Mario like Mickey? Nintendo banks on profits from characters
TOKYO – Will Mario follow in the steps of Mickey Mouse? Japanese video game maker Nintendo Co. said Friday it is bullish about profiting from its characters by mirroring the historical appeal of the Disney franchise.
“We are thinking about the Nintendo brand that way,” said the company's game designer, Shigeru Miyamoto. He stressed that Nintendo characters have an extra, interactive element because they originate from video games.
“We want more people to know our characters, not just through games," he said.
Nintendo has been banking on its intellectual property. Its own branded store and event space in Tokyo has opened recently, and a Nintendo park is set to open at Universal Studios Japan in Osaka, central Japan, later this year. More are in the works, including in Hollywood and Singapore, according to the company.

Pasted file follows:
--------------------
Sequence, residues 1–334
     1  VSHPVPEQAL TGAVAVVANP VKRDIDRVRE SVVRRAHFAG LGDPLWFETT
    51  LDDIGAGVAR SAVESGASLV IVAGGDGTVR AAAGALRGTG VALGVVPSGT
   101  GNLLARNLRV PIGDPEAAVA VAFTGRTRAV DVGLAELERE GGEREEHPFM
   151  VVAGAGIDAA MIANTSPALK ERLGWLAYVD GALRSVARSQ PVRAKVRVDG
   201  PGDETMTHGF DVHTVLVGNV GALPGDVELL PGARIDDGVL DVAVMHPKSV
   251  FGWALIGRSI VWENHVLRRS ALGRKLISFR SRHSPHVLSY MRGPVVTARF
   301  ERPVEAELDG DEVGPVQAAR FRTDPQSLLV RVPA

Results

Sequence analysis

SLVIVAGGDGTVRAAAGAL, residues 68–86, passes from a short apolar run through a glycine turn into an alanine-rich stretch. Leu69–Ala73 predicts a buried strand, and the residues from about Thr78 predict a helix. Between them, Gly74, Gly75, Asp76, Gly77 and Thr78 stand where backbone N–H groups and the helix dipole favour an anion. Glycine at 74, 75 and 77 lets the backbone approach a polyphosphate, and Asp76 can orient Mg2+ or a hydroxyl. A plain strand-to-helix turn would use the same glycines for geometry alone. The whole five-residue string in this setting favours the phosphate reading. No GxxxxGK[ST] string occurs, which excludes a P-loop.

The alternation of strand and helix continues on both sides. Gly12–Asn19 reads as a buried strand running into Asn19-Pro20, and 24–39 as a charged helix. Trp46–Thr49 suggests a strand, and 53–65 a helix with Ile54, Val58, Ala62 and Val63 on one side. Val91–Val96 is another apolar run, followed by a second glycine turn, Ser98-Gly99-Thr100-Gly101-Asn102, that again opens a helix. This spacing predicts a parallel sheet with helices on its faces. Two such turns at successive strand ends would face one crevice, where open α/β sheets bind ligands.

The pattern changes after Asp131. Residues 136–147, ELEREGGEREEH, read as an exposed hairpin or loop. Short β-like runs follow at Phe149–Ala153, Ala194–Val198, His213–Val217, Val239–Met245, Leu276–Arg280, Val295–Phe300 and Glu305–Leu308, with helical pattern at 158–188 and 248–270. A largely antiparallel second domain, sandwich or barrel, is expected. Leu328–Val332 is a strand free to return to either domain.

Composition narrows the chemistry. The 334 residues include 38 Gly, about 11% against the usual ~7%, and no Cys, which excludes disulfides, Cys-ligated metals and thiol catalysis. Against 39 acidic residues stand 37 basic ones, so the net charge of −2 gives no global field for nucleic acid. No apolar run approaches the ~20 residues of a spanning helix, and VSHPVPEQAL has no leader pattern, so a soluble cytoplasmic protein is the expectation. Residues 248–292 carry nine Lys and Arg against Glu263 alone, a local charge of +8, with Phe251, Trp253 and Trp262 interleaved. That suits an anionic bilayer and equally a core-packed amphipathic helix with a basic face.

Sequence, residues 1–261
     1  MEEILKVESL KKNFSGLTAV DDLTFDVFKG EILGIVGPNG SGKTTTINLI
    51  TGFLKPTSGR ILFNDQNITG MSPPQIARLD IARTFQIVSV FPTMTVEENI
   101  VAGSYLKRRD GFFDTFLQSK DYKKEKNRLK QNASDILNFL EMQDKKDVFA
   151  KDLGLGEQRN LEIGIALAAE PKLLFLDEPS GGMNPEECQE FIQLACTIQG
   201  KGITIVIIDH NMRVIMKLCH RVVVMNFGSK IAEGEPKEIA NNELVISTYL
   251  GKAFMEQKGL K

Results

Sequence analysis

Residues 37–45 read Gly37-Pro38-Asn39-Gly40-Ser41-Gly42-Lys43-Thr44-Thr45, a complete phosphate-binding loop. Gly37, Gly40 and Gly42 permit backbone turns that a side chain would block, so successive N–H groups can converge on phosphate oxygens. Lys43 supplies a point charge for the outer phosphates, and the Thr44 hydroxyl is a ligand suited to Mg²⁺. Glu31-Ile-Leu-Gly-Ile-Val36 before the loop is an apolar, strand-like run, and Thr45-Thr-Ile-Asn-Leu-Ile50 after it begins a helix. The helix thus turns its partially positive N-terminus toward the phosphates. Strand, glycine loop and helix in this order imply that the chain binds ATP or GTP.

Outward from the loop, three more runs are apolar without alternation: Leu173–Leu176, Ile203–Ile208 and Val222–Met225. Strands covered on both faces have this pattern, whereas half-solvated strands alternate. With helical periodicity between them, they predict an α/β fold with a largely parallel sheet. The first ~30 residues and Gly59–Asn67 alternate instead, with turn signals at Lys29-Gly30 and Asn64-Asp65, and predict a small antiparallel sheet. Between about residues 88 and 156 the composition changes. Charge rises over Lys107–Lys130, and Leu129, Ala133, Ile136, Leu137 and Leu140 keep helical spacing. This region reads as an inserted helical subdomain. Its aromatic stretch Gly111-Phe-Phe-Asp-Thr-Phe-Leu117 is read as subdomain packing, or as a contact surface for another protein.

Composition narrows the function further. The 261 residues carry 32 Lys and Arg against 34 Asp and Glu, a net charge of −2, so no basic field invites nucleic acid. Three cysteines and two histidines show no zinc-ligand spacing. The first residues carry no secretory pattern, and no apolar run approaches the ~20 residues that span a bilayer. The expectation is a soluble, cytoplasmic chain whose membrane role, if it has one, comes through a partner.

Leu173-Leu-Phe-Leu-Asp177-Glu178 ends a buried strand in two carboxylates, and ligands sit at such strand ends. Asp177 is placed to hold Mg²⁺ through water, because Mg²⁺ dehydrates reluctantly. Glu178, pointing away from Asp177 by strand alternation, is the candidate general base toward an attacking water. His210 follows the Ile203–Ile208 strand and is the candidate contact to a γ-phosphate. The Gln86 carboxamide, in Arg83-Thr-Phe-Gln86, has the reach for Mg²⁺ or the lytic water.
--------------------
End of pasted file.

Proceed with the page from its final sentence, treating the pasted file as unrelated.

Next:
Kyoto-based Nintendo was upbeat a day after reporting a 29% rise in quarterly profit on solid demand worldwide for the Switch console during the year-end shopping season.
With October-December profit at 134 billion yen ($1.2 billion), up from 104 billion yen a year earlier, it raised its full year Switch sales forecast to 19.5 million machines, up from 18 million projected earlier.
The Switch is a hybrid game machine that works both as a console and a tablet.
Nintendo said it continues to see opportunities for growth from the handheld Switch Lite, launched in September, which is a compact and lightweight version of the Switch meant for on-the-go playing.
Nintendo Chief Executive Shuntaro Furukawa said that four years after it was launched, the Switch holds promise for more growth that didn't exist for previous consoles that peaked out after a few years. People may buy several Switch Lite machines in addition to the original Switch, he said.
Miyamoto said one strength of Nintendo products was that grandparents are playing with their grandchildren, highlighting a wide age range of users.
“We want to value that great appeal and do something unique,” he said of how characters might play out in future games, a Hollywood film and the theme parks.
Nintendo has raised its annual profit forecast to 210 billion yen ($1.9 billion), up 8% from the previous year, and better than an earlier projection for 180 billion yen ($1.7 billion) profit.
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